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I recently read Dan Pink’s book, The Power of Regret and it seems to me that there are several useful concepts that can help project managers struggling to identify project scope in a rapidly changing world.

I should point out that you may or may not need to fully identify project scope, depending on your project. A building construction project will need a pretty clear scope while a project to develop a new product will require so much agility that you might want to break that project into phases. And depending on what you are developing, you might be re-thinking your scope every month or every day.

Project managers are a bit like good drivers. They must look ahead, while keeping an eye on the rear-view mirror and anything that might pop out from either side. Your goal, as the project manager, is to meet the objectives that your client or your management team has. And there are no guarantees that those objectives won’t change, as competition introduces new products, initial efforts to meet the objectives fail, or cash flow problems hinder performance.

Let’s take an example. You are the project manager for a regional hospital, and you have been asked to lead a project to open a new pediatric wing. The construction piece of this project has been in progress for some time and the opening is one year away. The COVID pandemic is complicating everything, with case numbers going up and down as different variants emerge. The project charter has been issued and you are in charge. How do you identify project scope? What are you going to do?

3 useful concepts to help project managers struggling to identify project scope in a rapidly changing world. #scopecreep #projectscope #scope #project #regrets #projectmanagement #smartprojex Share on X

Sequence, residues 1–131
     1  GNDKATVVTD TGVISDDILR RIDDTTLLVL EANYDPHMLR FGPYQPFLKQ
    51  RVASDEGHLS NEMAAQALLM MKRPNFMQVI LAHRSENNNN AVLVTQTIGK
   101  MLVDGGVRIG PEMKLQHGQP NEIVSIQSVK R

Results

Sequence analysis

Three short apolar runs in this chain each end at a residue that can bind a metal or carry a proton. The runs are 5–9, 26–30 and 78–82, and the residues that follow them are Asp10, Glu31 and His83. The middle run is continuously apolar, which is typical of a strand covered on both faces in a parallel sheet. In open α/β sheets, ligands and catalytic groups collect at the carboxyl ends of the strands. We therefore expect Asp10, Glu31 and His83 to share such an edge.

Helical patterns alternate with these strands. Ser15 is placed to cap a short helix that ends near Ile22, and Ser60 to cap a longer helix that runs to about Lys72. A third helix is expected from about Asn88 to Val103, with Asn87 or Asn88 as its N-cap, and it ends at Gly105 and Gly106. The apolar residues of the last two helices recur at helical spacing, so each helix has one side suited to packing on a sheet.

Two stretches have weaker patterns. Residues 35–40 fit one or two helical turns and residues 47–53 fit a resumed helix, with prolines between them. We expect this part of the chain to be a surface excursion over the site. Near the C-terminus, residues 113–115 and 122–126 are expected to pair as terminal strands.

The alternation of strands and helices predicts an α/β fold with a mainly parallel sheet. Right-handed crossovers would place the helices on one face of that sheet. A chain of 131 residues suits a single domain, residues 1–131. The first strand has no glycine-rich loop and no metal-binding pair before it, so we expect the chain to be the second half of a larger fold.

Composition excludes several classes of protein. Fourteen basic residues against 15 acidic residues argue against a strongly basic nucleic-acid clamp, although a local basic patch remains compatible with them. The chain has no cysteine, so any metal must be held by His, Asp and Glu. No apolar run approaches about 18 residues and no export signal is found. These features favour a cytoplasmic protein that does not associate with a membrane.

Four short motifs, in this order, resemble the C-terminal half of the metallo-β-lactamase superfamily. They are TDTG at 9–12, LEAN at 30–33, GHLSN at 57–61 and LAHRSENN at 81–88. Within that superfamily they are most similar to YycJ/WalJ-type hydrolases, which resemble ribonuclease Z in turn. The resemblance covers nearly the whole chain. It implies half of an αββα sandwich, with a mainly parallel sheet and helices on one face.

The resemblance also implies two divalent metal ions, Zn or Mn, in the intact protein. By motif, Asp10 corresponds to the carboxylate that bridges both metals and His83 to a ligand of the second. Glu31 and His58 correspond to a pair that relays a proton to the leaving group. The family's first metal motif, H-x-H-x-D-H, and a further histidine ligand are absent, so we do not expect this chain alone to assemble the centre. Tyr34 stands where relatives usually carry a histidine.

Identify project scope exclusions.

As you consider potential pieces of scope, look for items that you can exclude without feeling regret. Consider that less is more. The less scope it takes to fully meet the project objectives the better. In this example, ask yourself if that large kick-off celebratory party for donors is needed to meet the objectives that have been handed down to you from senior management. Ask leadership if opening the entire wing at one time is important. Does your project include patient transfers?

And this point applies throughout the life of the project. Scope creep is a massive problem in many projects. It can be a case of just adding new features, and not knowing when to stop. Or management may be changing its mind about its priorities. Or there could be the temptation to think that while we have that wall down, we may as well fix all the old plumbing lines. Only your company can decide where to draw the line. Generally speaking, it’s better to fully accomplish a few smaller projects that meet the goal than to get stuck on a massive project that fails.

If you are building a bridge, a partial bridge will not suffice. But if you are building software, a few smaller features might be a game-changer. So, look at your scope like a good editor looks at a writing project. What can you cut?

Use the “Regret Optimization Framework” to evaluate scope choices.

Pink introduces what he calls a “Regret Optimization Framework.” He doesn’t advocate for letting regret overwhelm or paralyze us. He encourages us to optimize regret or use it to its full advantage. To achieve that, he notes that there are four core regrets that cause most of our struggles: foundation, boldness, moral, and connection regrets. If a potential regret falls into one of these categories, take it seriously. If it doesn’t, let it go.